DETAILS OF THE INVENTION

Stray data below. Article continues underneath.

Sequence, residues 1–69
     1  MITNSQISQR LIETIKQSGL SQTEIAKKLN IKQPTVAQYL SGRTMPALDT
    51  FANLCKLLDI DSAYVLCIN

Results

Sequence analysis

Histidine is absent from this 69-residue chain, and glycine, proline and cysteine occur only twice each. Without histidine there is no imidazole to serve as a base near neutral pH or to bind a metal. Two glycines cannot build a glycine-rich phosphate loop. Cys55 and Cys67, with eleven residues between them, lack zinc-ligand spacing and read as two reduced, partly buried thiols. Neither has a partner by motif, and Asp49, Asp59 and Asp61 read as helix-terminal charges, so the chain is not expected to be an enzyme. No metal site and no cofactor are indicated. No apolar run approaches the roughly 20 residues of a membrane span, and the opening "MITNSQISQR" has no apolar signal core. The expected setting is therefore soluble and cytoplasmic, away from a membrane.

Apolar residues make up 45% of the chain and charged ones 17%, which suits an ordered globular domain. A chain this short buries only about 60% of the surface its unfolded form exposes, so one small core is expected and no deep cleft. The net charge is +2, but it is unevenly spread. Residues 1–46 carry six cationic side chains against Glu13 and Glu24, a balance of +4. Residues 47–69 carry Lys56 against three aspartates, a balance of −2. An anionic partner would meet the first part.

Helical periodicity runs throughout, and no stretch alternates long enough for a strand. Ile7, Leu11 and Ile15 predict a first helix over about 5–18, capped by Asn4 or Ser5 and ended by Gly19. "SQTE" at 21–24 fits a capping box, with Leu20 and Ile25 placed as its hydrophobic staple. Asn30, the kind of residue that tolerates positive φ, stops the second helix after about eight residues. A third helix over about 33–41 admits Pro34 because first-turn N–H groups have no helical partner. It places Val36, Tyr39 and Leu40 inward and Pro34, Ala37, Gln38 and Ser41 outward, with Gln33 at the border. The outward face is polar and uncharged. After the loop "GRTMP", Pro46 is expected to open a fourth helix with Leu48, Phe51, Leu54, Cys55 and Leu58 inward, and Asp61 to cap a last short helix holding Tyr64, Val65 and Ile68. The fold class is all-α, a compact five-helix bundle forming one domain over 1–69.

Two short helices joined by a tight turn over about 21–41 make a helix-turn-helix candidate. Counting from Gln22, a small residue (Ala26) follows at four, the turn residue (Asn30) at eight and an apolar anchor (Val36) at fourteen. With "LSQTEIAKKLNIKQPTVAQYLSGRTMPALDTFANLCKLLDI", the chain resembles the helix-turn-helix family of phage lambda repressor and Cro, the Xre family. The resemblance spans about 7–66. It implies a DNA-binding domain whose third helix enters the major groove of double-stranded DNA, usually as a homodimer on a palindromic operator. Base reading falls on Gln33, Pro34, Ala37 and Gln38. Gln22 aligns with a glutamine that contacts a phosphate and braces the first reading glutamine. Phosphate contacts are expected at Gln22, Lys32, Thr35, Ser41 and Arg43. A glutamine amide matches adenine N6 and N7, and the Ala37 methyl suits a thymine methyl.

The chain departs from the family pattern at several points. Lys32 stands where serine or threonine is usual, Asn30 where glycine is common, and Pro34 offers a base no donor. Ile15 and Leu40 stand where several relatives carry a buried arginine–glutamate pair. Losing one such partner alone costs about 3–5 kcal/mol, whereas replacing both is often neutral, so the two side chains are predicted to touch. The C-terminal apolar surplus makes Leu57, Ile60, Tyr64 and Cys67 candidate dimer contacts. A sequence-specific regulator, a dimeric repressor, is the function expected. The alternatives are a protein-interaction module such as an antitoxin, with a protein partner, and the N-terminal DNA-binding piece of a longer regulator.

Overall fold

The aerosol valve of this invention, generally designated as 10, comprises a hollow valve stem 12 having an enlarged valve body 14, which valve body has a tubular portion 16 extending from the base 18 of the valve body 14 and terminating in a leading edge 17. A valve stem orifice 20 extends laterally through the valve stem 12 and communicates at its radially inward opening with the conduit 22 in the valve stem 12. Surrounding the valve body 14 and the valve stem orifice 20 is a valve housing 24, which valve housing 24 has an upstanding tubular member 26 extending from the base 28 of the housing 24. Extending downwardly from the housing 24 is a nipple 30 to which is affixed a dip tube (not shown) which extends to the bottom of an associated aerosol container (not shown). Disposed atop the upper edge 32 of the housing 24 is a gasket 34, which is disposed in the valve stem groove 36 and encircles in a sealed relationship the valve stem orifice 20 disposed in said groove 36. A spring 38 is disposed between the base 18 of the valve body 14 and the base 40 of the housing 24. The valve housing 24 has an upper portion 42 having an annular recess 44 in which is disposed the gasket 34. The upstanding wall 46 defining the annular recess 44 is a castellated wall having openings 48 and downwardly extending slots 50 which communicate with the interior of an associated aerosol container (not shown). The housing 24 having a castellated peripheral wall defining the gasket recess and downwardly extending slots is more fully described in U.S. Pat. No. 4,015,757, the disclosure of said patent being incorporated by reference herein and made a part of this disclosure. The valve, generally designated as 10, is affixed to a mounting cup 52 (shown in partial cross-section) in a conventional manner.